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William Shakespeare opined in Romeo and Juliet, “If love be blind, love cannot hit the mark.”
Of course, he also said, “The fool doth think he is wise, but the wise man knows himself to be a fool,” and in the case of the Brazilian film The Way He Looks (Hoje Eu Quero Voltar Sozinho), Shakespeare proves himself the fool, for the young, blind hero of the film finds love standing right next to him, a couple times over.
While The Way He Looks is playing at the Cleveland International Film Festival, far from everyone will be able to catch it there. Thankfully, the film is also out on DVD and streaming on Netflix for those content to see it on a teeny-tiny screen, as opposed to the grand silver screens of Tower City Cinemas.
Writer-director Daniel Ribeiro’s film stars Ghilherme Lobo as Leonardo, a blind teenager going to high school in Brazil. His best friend Giovana (Tess Amorim) walks him to and from school every day and acts as his eyes, at the insistence of his arguably overprotective parents.
However, when Gabriel (Fabio Audi) moves to town, he and Leonardo form a fast friendship, despite the obvious desire Giovana has for Leo and Karina (Isabela Guasco) has for Gabriel. As Gabriel and Leo get closer, Giovana gets angry and Karina remains oblivious, thinking she has a shot with Gabriel.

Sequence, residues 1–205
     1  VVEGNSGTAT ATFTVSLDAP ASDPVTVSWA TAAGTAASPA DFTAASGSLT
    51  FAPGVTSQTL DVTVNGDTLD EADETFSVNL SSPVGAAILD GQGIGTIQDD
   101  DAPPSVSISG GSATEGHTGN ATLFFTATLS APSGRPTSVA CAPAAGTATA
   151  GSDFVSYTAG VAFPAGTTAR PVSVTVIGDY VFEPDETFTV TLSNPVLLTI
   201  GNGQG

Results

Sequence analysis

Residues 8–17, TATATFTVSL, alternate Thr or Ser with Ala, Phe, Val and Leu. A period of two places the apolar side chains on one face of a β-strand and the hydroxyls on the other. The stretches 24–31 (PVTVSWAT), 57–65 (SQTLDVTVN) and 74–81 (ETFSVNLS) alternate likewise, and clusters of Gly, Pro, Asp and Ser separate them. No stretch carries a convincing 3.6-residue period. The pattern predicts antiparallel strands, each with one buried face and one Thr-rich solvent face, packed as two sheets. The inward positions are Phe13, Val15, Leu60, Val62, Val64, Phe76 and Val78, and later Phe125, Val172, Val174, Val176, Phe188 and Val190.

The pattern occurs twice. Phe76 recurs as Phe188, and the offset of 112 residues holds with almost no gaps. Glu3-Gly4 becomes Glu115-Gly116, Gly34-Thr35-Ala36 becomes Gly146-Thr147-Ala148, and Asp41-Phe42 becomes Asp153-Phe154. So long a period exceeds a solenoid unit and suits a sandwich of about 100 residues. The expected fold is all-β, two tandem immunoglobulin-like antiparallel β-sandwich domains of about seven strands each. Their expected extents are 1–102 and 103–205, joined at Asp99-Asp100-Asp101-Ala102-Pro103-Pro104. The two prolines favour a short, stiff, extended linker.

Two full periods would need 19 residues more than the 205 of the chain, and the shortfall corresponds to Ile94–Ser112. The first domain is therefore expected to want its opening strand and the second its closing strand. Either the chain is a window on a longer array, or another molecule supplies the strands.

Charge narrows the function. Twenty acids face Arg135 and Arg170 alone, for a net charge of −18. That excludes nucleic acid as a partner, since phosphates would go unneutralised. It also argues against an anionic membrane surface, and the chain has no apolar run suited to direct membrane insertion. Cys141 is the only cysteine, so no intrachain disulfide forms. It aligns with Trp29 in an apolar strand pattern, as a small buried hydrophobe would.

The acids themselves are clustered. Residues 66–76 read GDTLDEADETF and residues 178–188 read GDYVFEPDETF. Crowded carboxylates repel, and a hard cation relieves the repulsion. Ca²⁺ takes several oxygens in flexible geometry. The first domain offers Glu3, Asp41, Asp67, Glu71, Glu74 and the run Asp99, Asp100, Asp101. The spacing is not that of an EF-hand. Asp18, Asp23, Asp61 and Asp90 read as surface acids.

As the four points in this romantic quadrangle move hither and thither, it is never clear whether people seemingly wandering in the dark can find what they are seeking.
The film won awards at the Athens and Berlin International Film Festivals, along with festivals in Guadalajara, Honolulu, LA Outfest, the New York LGBT Film Festival, Rochester ImageOut, the Huelva Latin American Film Festival, San Francisco, Seattle, Skip City and Torino, as well as Best Actor for Ghilherme Lobo from the Sao Paulo Association of Art Critics. That’s in addition to seven other nominations.
Every single award and nomination was deserved. The Way He Looks can give anyone “the feels” without being smarmy, and Ribeiro put together a brilliant cast. The young actors and the mature ones alike are pitch-perfect, natural and convivial.
Leo’s conflicts with his parents are not contrived or forced; at the risk of over-using a word, they felt natural, and the audience can understand both sides of the arguments.
The misunderstandings between the friends feel real, organic, the product of a failure in communication between people who think they know each other completely, as only the young really believe, not realizing the hidden depths that exist in every person’s heart.
The blossoming possibility of a relationship between Leo and Gabriel is handled with the proper amount of eroticism, whimsy, romance and detachment. It is never prurient or inappropriate; it is an expression of the universal dawning of realization, and the start of hope, hope for someone to love, who loves you back.
Simply put, The Way He Looks is a magnificent film.